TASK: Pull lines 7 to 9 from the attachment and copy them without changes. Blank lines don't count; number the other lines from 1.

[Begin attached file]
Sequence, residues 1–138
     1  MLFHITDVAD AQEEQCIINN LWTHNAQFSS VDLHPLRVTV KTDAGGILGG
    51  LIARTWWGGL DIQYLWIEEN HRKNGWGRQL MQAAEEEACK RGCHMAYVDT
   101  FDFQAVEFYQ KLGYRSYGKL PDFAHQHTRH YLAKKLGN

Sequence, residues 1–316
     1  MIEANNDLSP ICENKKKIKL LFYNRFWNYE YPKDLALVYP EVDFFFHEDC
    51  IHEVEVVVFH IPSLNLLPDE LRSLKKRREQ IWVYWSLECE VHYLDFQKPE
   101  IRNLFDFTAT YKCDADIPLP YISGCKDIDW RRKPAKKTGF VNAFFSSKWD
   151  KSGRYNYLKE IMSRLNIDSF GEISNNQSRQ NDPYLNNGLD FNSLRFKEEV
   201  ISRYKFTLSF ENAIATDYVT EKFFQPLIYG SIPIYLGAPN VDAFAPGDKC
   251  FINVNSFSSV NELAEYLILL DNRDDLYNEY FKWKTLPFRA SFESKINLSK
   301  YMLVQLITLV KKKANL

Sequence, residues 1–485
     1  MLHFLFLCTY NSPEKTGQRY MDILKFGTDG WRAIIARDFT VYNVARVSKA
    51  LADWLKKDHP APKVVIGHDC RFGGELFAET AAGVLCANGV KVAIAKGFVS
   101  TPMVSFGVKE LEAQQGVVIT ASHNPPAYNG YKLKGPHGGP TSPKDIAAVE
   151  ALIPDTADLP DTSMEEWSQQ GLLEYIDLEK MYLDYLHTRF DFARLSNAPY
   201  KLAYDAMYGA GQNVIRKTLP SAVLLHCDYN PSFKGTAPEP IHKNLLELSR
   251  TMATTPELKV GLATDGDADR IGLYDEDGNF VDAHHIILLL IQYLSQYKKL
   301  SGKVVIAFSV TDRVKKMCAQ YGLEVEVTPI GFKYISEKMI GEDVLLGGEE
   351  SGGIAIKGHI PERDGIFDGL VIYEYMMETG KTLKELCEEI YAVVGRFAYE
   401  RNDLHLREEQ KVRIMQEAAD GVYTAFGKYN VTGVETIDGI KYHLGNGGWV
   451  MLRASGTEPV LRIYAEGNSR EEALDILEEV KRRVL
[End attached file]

    51  IHEVEVVVFH IPSLNLLPDE LRSLKKRREQ IWVYWSLECE VHYLDFQKPE
   101  IRNLFDFTAT YKCDADIPLP YISGCKDIDW RRKPAKKTGF VNAFFSSKWD
   151  KSGRYNYLKE IMSRLNIDSF GEISNNQSRQ NDPYLNNGLD FNSLRFKEEV